Ian: ‘Great. Why this stock?’

Trader: ‘A few reasons. The volume is there. The MACD is there. The EMA is also right. The short-MA line has just moved above the long-MA line. So, I strike la.’

Ian: ‘I see. So, what is your Risk: Reward Ratio?’

Trader: ‘Mine is 2:1.’

Ian: ‘What if your stock prices drop?’

Trader: ‘Well, if it drops below 6% – 8%, I’ll cut my losses and move on.’

Ian: ‘How long do you expect to hold onto this stock?’

Trader: ‘Maybe 1 week or 2. But, for some, I held them for more than a month or two. Nothing more than 3 months.’

Ian: ‘How are you faring in your trading activities?’

Trader: ‘Well, my winning ratio thus far is 51%.’


As you can see, traders are different from speculators as traders:


  1. Use technical analysis tools to time their entry & exit of the market.
    Often, speculators don’t have any tools.
  2. Buy stocks only if their probability of profits is higher than losses. That’s why traders calculate risk: reward ratio. Most speculators don’t take that into consideration. To be fair, most are not even aware of its existence.
  3. Know how to cut losses and move onto other trades that give better chances of profits. Most speculators don’t have a plan on what to do if their stocks drop in prices.


#3: Are you an Investor?

So, how do I know that I’m talking to an investor. Simple. Here is how the conversation of an investor would sound like:


Investor: ‘Ian, I’ve just bought this stock.’

Ian: ‘Great, why do you buy?’

Investor: ‘Many reasons. First, I like its business model. Second, I like the management as they are hands-on. Third, it is financially solid. Fourth, it has revealed a number of strategic plans to expand and to grow its income over the next 3 – 5 years.’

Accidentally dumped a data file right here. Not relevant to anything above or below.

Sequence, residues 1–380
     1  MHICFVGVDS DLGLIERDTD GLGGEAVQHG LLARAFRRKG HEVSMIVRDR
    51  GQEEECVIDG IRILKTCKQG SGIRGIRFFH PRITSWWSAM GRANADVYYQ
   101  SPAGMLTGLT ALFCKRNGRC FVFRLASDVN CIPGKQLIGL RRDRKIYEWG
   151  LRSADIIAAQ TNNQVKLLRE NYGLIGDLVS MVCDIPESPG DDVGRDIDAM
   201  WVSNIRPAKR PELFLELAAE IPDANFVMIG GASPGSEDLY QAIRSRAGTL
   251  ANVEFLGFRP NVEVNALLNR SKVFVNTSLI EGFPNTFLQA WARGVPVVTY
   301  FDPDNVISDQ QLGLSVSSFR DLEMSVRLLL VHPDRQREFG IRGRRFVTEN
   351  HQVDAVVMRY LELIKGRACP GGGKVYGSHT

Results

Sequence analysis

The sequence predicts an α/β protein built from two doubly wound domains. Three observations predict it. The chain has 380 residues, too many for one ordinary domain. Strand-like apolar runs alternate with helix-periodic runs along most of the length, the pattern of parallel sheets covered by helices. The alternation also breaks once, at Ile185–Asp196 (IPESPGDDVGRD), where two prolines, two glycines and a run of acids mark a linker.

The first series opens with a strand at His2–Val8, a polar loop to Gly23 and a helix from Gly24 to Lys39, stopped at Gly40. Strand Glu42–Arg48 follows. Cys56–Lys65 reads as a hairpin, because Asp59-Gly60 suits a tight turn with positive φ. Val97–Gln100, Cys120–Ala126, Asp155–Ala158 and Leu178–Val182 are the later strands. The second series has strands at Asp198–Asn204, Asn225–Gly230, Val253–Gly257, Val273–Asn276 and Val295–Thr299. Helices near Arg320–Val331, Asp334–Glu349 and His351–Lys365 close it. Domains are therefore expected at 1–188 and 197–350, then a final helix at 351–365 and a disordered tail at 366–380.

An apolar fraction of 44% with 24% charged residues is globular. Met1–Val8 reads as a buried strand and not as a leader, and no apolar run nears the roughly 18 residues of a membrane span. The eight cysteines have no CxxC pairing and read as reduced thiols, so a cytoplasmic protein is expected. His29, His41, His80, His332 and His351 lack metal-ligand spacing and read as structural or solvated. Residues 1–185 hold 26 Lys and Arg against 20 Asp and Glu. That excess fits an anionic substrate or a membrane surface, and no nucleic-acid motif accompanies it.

Ian: ‘I see. So, what price did you bought it?’

Investor: ‘I bought it at RM 1.00. P/E Ratio is low. P/B Ratio is low. Plus, I’m expecting 4% – 5% in dividend yields at current price. That’s a bonus.’

Ian: ‘So, what if the stock drops in price?’

Investor: ‘I’ll buy more. Why? Firstly, I like the business. If stock price drops, I’ll buy more as I can average down my cost per share. Secondly, with a much lower cost per share, I would be able to enjoy better dividend yields from the same stock. Thirdly, if the stock price goes up, then, I’ll enjoy higher capital gains from my investment in the same stock.’


Thus, investors are very different from both speculators and traders as investors:


  1. Have intimate knowledge on stocks they invest in terms of their businesses, management & finances. Both traders and speculators ignored them.
  2. Buy good stocks at reasonably low prices. Speculators tend to buy anything that jumps in prices.
  3. If price drops, buy more if the stock quality remains good. Investors view it as an opportunity to increase their shareholdings whereas traders tend to cut losses.
  4. Enjoy passive income by receiving dividends. This is because investors often choose stocks that are cash-rich. Traders and speculators have little interest in dividend income.


So, which way is suitable for me to profit from the stock market?